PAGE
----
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Hartsville homeschooled fifth-graders win national competition for their invention

Hartsville homeschooled fifth-graders win national competition for their invention

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Hartsville homeschooled fifth-graders when national competition for their invention

Eleven-year-old William Dorsel, left, and Alex Ingram, 10, are the elementary-level winners of the national Thomas Edison Pitch Contest, sponsored by the Edison Innovation Foundation, for their invention of a small pet tracker.

HARTSVILLES, S.C. — Two homeschooled fifth-graders have from Hartsville have won a national competition for their invention.

The young inventors Alex Ingram, 10, and William Dorsel, 11, are the elementary-level winners of the Thomas Edison Pitch Contest, sponsored by the Edison Innovation Foundation.

The two saw a hole in the pet accessories market and seized the opportunity to invent a pet accessory to fill that need, according to the contest website.

The students said the idea came about because one of them wanted a small pet.

They said GPS trackers exist for big pets like dogs and cats, but none exist for small pets like lizards or ferrets. They said these small pets can easily get lost in the house.

To keep the small pets from getting lost permanently, William and Alex invented a small animal tracker that will light up and make sounds, so that you can find them anywhere in the house, from under the dining room table to under a pile of clothes in your bedroom. Then they entered their invention in the Thomas Edison Pitch Contest where team Micro Makers (Alex and William), Pine Trees Academy, South Carolina (homeschooled) took first place in their age division.

The first step was to enter a video about their invention. From the videos, three finalists were chosen in each of the three levels of competition — elementary, middle and high school.

“We were one of them,” William said. “The final was a Zoom.”

Finalists were chosen from 205 teams representing 546 students from 24 states and four countries in the elementary, middle school and high school levels.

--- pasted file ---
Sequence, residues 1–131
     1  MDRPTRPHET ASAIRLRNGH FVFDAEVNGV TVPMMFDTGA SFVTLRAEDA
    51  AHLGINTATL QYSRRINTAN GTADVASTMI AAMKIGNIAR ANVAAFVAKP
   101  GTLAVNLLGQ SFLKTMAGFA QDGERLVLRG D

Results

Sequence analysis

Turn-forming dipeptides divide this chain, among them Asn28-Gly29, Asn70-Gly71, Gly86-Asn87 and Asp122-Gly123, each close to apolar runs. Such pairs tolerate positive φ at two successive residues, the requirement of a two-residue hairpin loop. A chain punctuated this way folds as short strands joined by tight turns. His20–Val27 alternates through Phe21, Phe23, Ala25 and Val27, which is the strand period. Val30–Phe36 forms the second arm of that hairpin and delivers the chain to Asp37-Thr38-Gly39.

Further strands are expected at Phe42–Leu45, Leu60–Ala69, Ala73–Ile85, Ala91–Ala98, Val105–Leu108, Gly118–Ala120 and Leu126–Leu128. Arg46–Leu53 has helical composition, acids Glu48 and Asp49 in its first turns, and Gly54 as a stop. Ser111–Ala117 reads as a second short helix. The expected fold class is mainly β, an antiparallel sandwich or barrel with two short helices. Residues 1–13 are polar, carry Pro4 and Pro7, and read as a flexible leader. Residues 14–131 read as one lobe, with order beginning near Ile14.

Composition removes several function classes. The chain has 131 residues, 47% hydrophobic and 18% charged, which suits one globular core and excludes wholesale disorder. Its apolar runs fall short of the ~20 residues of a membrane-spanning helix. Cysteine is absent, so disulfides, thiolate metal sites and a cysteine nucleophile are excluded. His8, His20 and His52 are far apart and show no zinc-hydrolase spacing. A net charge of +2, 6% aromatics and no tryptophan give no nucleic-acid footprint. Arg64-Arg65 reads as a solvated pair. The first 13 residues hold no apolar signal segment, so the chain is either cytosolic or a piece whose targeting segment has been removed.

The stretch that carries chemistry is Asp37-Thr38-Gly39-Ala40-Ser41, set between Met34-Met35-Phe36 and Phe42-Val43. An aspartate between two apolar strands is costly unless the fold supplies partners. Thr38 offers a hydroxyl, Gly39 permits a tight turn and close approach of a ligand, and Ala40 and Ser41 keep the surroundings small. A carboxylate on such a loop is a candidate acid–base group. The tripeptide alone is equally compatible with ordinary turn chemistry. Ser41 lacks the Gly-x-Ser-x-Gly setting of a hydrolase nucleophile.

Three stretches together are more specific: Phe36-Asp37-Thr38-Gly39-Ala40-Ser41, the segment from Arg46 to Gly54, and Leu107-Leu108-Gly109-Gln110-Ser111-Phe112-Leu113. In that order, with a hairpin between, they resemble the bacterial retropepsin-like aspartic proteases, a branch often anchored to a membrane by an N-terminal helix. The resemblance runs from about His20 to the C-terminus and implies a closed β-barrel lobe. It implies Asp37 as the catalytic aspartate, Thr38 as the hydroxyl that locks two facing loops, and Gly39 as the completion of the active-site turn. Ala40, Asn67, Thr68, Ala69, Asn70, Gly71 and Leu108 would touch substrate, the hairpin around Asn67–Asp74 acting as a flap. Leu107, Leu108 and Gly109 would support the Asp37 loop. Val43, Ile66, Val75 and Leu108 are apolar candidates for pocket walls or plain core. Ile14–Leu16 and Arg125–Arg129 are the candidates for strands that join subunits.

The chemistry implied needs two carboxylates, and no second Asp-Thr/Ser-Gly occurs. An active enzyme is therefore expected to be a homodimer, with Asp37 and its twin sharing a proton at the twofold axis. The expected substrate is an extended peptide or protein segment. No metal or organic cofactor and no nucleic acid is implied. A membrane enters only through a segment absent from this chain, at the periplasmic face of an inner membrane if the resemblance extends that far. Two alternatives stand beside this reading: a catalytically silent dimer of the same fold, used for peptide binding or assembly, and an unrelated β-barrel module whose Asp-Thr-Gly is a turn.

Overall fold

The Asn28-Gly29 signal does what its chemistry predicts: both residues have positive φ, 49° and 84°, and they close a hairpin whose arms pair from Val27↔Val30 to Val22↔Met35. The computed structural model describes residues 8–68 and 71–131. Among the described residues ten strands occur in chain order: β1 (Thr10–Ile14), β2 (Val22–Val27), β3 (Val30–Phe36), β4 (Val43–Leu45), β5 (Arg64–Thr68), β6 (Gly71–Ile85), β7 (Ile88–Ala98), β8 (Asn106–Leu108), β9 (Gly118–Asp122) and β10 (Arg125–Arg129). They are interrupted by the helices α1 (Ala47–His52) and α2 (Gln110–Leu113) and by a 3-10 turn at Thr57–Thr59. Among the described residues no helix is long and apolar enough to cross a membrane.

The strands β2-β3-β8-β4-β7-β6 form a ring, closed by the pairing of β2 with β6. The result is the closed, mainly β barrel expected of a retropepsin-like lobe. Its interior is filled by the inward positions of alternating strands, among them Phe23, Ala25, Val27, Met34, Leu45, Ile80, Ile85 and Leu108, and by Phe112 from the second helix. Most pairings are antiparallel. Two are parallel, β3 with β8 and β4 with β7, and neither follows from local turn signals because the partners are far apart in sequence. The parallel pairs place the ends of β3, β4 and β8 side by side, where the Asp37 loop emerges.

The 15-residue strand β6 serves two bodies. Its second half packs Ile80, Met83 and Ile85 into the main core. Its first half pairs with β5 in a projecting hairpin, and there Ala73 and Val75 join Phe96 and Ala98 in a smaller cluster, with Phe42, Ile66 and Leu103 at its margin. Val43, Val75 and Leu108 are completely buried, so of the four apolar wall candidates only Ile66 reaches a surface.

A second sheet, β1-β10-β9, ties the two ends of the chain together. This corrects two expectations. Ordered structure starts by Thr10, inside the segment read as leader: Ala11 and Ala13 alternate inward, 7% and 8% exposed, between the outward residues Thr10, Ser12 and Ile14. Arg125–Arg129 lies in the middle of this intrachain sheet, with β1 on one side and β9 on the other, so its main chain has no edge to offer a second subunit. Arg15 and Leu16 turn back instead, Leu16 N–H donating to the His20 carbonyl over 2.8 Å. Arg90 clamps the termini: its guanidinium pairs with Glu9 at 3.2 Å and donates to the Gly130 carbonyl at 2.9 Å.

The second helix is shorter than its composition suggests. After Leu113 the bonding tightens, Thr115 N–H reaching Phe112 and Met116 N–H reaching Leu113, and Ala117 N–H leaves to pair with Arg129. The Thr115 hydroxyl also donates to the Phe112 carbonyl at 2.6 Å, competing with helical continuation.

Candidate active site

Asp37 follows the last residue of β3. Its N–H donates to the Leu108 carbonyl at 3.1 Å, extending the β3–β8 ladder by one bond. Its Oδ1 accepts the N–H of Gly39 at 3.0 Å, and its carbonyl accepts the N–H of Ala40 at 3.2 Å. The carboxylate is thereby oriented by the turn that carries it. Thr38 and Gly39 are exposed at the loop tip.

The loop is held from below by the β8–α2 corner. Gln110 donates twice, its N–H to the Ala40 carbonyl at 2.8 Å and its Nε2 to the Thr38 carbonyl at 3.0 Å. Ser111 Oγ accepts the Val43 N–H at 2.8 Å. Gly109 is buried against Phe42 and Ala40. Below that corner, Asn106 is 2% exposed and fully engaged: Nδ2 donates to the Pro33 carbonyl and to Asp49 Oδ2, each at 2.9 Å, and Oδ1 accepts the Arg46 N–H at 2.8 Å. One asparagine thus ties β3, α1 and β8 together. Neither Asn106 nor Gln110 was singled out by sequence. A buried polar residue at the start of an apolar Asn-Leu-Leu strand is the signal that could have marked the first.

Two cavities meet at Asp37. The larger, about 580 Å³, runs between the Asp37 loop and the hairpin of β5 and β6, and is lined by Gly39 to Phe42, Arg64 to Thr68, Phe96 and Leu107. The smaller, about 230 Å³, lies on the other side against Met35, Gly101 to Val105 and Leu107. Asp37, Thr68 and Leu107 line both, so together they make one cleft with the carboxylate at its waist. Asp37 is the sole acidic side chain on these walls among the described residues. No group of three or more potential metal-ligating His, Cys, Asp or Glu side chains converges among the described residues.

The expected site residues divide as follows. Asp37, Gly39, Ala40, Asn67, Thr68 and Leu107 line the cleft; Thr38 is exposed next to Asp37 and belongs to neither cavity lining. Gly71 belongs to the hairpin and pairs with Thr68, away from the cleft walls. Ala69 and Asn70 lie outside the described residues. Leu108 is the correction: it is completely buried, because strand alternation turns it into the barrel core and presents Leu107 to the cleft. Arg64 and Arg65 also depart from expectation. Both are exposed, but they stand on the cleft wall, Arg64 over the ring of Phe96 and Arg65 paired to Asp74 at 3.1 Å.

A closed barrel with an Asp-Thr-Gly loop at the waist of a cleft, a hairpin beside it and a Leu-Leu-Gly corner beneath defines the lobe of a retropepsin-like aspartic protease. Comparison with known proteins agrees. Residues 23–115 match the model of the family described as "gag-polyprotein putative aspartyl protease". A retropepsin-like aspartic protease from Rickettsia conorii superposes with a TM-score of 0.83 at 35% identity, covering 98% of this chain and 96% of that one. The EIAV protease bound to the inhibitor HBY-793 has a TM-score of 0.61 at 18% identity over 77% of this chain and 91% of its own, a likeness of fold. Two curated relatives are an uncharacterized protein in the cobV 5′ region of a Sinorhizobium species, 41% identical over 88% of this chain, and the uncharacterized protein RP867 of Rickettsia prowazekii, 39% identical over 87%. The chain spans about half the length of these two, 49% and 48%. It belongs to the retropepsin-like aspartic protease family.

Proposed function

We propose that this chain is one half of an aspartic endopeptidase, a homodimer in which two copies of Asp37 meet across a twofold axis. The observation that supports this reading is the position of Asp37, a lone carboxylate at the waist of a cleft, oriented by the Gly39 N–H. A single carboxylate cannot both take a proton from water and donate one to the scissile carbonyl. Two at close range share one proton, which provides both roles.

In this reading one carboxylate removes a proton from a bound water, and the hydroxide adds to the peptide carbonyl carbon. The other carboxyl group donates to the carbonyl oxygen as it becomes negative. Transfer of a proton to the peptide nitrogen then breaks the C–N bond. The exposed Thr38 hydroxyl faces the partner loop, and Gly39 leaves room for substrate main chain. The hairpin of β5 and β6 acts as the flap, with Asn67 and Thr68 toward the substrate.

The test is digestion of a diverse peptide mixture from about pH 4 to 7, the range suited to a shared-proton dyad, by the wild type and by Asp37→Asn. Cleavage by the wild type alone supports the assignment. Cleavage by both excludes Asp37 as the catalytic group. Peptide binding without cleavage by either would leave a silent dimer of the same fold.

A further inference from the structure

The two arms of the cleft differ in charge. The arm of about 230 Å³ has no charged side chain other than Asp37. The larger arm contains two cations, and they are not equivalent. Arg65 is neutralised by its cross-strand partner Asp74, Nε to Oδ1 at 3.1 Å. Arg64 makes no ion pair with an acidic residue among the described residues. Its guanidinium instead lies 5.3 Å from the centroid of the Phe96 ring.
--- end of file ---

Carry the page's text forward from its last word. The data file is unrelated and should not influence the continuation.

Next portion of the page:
The awards were presented on May 19 during Zoom finals. It was the 11th year of hosting this competition, and the second year it was hosted digitally.

The fifth-graders pitched their invention ideas to an expert panel of judges consisting of education professionals, Edison experts, and technical/business experts to win 3D printers, science kits, and other fun prizes for their schools.

They had to answer questions from the judges after their presentation.

“Each judge could ask one question about the presentation,” William said.

He said one of the questions was “What is your marketing plan?”

They said the contest was all about the pitch.

The students said they entered because it sounded like a fun thing to do.

“I was surprised that we got selected to be in the finals,” William said.

“William came up with the idea,” Alex said.

William said he looked online to see if anyone had invented his idea and no one had.

The Thomas Edison Pitch Contest was created in 2010 to showcase and encourage students, beginning in elementary school, to show innovation and entrepreneurship, according to its website. Students submit their ideas to win prizes and sharpen their persuasive skills.

Alex said they are already revamping their invention to make it more efficient.

Alex has invented a custom PCB current board to contain the wires. He had to learn a new software program for this, his mother said.

Alex said his favorite subject is engineering. William likes to read, but math is his favorite subject.

Alex is the son of Marty and Glenn Ingram, and William is the son of Whitney and Danny Dorsel.

“We are very proud of them,” Marty Ingram said.


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